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Flecks of paint and drops of water splattered against the sidewalk just outside the Chippewa Falls Public Library Wednesday morning as city maintenance workers cleaned up a piece of city history.
Armed with a wire brush and pressure washer, Scot Michels and Pat Davis cleaned away the peeling paint that already revealed the tin and wood of the Carnegie Library Building sign. The sign had once once identified the city’s library.
“It’s really something,” Davis said, as he chipped away at the paint with the brush.
Last week Parks Department employees found the sign tucked away in a shed at Irvine Park. But at more than a dozen feet long and at least a foot tall, it’s hard to see how the sign stayed hidden for this long.
According to Parks and Recreation Director Dick Hebert, the sign was found in one of the sheds that will soon be torn down to make way for the zoo’s new welcome center. Many of the sheds contain artifacts, and the Parks Department does maintain an inventory list. But the sign wasn’t on any list that Hebert could find.
“We didn’t even know it was in there,” Hebert said explaining that the sign was behind a screen that concealed it.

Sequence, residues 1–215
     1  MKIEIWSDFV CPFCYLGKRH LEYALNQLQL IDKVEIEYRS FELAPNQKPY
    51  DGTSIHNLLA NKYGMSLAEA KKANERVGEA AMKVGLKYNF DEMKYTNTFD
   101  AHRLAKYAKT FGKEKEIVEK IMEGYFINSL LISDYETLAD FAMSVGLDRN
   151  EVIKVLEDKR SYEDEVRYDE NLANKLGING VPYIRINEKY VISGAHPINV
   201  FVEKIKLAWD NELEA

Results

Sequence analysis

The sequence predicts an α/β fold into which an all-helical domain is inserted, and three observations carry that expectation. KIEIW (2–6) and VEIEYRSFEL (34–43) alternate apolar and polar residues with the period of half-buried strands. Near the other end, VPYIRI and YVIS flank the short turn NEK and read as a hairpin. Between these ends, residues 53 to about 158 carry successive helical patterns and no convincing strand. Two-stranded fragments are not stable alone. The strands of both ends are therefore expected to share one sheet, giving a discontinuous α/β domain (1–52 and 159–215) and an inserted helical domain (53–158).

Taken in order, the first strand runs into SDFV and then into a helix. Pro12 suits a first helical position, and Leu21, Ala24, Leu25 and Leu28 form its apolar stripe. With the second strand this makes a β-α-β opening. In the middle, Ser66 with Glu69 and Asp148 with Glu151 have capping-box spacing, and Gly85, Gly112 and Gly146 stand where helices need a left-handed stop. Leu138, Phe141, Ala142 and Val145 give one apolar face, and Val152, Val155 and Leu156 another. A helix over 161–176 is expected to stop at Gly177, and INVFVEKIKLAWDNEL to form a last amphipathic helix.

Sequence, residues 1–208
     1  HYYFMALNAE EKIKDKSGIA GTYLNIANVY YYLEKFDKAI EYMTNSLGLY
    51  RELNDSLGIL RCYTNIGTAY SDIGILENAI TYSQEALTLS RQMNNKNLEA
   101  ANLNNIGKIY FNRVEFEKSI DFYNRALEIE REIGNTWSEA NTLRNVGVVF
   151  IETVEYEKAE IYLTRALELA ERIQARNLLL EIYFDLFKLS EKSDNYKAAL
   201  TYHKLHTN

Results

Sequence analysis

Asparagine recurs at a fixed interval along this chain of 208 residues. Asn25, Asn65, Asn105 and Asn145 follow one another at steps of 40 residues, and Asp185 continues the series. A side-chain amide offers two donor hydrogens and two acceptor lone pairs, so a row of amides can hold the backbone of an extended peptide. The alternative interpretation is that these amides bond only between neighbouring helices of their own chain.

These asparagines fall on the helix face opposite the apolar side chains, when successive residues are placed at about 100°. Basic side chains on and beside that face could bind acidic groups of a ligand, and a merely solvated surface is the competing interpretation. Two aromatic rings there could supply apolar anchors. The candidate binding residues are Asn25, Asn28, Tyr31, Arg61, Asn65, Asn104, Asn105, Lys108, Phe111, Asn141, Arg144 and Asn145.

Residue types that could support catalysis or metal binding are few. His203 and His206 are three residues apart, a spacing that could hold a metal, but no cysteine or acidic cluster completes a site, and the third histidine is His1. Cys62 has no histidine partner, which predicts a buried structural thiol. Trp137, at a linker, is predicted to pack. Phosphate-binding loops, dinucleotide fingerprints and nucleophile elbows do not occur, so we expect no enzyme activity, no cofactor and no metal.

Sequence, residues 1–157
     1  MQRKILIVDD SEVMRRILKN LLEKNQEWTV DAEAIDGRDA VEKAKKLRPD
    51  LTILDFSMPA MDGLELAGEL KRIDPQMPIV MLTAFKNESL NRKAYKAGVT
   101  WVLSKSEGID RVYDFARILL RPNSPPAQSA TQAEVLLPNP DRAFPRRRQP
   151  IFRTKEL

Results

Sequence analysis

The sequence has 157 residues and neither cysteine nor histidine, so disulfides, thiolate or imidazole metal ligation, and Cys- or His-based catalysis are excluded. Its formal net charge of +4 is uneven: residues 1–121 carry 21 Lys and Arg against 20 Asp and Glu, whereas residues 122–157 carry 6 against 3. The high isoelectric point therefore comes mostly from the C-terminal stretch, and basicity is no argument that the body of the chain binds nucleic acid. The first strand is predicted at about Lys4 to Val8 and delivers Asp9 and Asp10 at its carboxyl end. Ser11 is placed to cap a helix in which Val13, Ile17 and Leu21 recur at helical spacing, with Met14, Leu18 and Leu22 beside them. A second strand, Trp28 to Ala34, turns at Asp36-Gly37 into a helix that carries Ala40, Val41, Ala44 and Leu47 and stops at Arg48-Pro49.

Hebert also said that his department has no record of how the sign came to be at the park either.
What is known is that the sign belonged to the current library’s predecessor.
The public library today’s residents are familiar with opened its doors in 1969. The Carnegie Library stood just across Central Street — where Gordy’s Market is today — for almost another decade.
But that still means the sign has been floating around for almost 35 years.
What the library will do with the sign has yet to be determined.
“It’s a little bigger than we expected,” said library director Joe Niese. Originally Niese planned to hang the sign inside the library above the new book section. Those books sit on shelves that were used in the Carnegie Library. There is also other memorabilia from the old library in that area.
But after taking a look at the sign, Niese said it might not fit. He hasn’t decided whether the sign will be repainted either.
Whatever the library does, patrons can expect to see it in the near future.
“I want to get it up as soon as we can,” Niese said.
Niese is also planning on posting a picture of the old building on the library’s Facebook page as a part of the library’s Throwback Thursday program.
Industrialist Andrew Carnegie donated $40 million from 1886 to 1919 to be used for 1,679 libraries bearing his name. Wisconsin received money for 65 libraries, including ones in Eau Claire, Barron and Ladysmith. Chippewa Falls received a grant of $20,000 for its Carnegie Library on Feb. 15, 1902.